The Jalopy Journal
Discussion in 'The Hokey Ass Message Board' started by gofaster, Oct 17, 2006.
^^^^^Good game! I say, good game!
He may be a jailbird but he can make the dead rise and walk again.
I watched that Green Mile movie a couple of times.
I wondered how come I had never got in on this thread......then I seen the year....wah wah wah
Resurrected zombie threads always crack me up... usually takes a FNG to ferret them out....
My avatar has a BBC with a Tunnel Ram and it seems to run good. First time out was a trip for about 450 miles and did not have any fuel issues. I also ran one for years on a 34 Chevy Coupe (60k miles) and did not have any issues after I changed from a 2 four to a single four set up.
real question is what hood scoop do you run with a tunnel ram?
I built a home-made tunnel ram for my '53 Hemi in 1967! Probably predates the commercial ones. I designed it in my college physics class. Ran really crappy on the street.
Need to understand what a tunnel ram is for to know how to properly apply it. Can be streeted but not the most efficient manifold there, main benefit is looks.
Think of an intake manifold as a reverse exhaust header. Whereas an exhaust header is designed to provide a power boost at a specific RPM by generating a negative (suction) pressure at the exhaust valve seat as it is closing. a performance intake manifold is designed to provide a positive 'supercharging' pressure at the time the intake valve closes. As with headers, it is the length of the intake runner which is the design parameter, as long as the runner diameter is adequate and there aren't any severe kinks in the path. The speed of sound in air/gas vapor in the cold intake is a lot slower than in the hot exhaust gasses so intake runners are a lot shorter than exhaust tubes for the same design boost RPM. As with headers, the longer the intake runner, the lower the tuned peak power RPM the engine will experience. Street tunnel rams have longer tubes. The theory is that as the intake valve opens, a suction pulse is sent up the runner at the speed of sound. It reaches the plenum and expands generating a complementary positive pressure pulse that transmits down the tube and, reaching the intake valve at the proper engine RPM, gives the cylinder a slight supercharge load of air/gas.
The size of the plenum doesn't have to be gigantic. Its only purpose is to isolate the tubes from the carburetor so the suction pulse can expand like it is free air. Too small and the pressure pulse sees the mess inside the carburetor and disappears and too big and the engine will be bog-central, take forever for a throttle change to transmit to the intake valve. the plenum I build for my hemi was WAY too big and the engine bogged badly. If I was drag racing it at +6,000RPM, my manifold would probably have been a champ.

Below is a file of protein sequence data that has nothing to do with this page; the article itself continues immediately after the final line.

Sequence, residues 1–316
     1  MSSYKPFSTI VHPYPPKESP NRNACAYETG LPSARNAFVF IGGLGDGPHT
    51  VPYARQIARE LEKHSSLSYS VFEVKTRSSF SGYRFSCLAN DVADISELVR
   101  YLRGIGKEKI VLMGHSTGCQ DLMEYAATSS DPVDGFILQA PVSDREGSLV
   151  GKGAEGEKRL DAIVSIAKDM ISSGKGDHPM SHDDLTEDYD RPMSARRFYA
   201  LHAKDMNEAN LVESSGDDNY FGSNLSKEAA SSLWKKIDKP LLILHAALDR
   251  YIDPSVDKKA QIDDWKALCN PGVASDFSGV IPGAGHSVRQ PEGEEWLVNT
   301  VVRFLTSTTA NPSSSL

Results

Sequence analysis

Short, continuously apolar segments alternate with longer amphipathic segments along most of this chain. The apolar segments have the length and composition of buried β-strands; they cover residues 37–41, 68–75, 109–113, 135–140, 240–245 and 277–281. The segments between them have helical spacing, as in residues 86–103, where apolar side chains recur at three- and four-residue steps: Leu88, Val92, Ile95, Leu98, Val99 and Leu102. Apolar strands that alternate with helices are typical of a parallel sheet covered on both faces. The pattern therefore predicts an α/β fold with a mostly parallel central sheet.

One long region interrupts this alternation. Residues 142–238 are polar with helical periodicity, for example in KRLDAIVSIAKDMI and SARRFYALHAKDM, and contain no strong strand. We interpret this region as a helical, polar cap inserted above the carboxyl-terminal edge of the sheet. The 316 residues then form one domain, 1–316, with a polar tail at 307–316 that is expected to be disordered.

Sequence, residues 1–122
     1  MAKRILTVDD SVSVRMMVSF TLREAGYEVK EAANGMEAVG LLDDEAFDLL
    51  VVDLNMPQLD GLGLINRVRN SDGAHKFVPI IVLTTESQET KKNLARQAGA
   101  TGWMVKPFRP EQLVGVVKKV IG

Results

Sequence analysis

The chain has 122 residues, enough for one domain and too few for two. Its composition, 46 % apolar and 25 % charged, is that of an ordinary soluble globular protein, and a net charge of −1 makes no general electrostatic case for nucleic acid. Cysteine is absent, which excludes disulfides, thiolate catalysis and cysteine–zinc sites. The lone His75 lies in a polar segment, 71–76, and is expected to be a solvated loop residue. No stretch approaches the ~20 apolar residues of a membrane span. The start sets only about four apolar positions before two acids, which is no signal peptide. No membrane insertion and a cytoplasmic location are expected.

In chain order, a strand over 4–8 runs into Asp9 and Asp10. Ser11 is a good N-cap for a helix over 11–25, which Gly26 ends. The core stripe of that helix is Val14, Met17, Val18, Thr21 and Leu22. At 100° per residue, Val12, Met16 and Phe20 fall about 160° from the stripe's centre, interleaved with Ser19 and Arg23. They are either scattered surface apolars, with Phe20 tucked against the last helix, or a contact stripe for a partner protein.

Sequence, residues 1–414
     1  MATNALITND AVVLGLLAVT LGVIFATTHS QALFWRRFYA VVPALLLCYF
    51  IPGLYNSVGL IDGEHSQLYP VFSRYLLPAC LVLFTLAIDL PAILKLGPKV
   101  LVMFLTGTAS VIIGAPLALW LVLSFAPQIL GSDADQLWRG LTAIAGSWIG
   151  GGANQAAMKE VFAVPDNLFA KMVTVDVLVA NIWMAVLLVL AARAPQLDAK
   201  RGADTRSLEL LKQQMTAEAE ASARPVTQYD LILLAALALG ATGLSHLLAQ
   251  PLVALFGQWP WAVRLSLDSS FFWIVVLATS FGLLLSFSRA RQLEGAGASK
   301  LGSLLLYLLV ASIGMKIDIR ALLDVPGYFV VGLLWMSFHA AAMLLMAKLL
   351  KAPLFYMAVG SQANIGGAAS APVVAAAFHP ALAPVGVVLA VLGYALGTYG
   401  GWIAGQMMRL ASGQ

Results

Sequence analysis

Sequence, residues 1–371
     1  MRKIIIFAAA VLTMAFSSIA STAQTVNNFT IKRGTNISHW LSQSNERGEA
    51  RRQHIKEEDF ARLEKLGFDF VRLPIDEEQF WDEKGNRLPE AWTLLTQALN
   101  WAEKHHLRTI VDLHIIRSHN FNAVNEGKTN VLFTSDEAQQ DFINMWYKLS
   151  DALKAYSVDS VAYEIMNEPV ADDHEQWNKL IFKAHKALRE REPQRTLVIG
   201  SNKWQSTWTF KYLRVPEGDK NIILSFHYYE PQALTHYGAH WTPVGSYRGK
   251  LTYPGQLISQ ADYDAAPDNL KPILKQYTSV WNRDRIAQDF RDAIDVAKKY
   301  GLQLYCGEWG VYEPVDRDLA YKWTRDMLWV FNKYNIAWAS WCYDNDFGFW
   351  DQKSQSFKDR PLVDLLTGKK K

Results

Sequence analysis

The speed of sound at normal air temperature is just over 1,100ft/sec. At exhaust temperature, the speed of sound is over 2,100ft/sec so headers must be longer. Chrysler Corp. published a bunch of intake manifold design info in the 50s. A simple formula for calculating runner lengths is 1100fps * 60secpm /RPM or 66,000/RPM. You might think the length must be shorter since the pulse must travel up the runner then back down but remember that the engine is 4 cycle so for purposes of this calculation is effectively running at half speed. If you want peak power at 4000rpm, runner length (measured from the plenum port to the intake valve seat) is 16.5". That is based on the speed of sound in air, other calculations recommend other constants to account for the difference in speed of sound in the gas charge. Constants up to 84,000 have been suggested. A side benefit is there is a lower but measureable power bump at 1/2 design RPM, in this case 2000rpm.
Realize there is no free lunch; these manifolds provide more power at design RPM but result in less power at other speed.
In the final analysis, to paraphrase a famous Saturday Night Live sage, "It is more important to look good than to run good!"
I was kidding about 2006 and tunnel rams... who hasn't seen 2 Lane Blacktop at least 10 times???
American Graffiti, Hot Rod Willys, yes. Two Lane Blacktop, UGH! Worst hot rod movie ever!!!!!!!!!!
Can't beat the look of a scoop through the hood.
Sometimes the old threads are better reading than the "is this traditional" ,"what do you think about" and "what color should I paint "threads. Keep them coming.